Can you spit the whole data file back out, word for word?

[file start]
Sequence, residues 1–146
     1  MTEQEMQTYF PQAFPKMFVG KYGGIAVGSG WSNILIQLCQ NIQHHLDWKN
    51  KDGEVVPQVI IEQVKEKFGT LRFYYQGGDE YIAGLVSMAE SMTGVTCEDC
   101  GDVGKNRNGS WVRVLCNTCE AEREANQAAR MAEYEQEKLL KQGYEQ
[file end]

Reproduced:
Sequence, residues 1–146
     1  MTEQEMQTYF PQAFPKMFVG KYGGIAVGSG WSNILIQLCQ NIQHHLDWKN
    51  KDGEVVPQVI IEQVKEKFGT LRFYYQGGDE YIAGLVSMAE SMTGVTCEDC
   101  GDVGKNRNGS WVRVLCNTCE AEREANQAAR MAEYEQEKLL KQGYEQ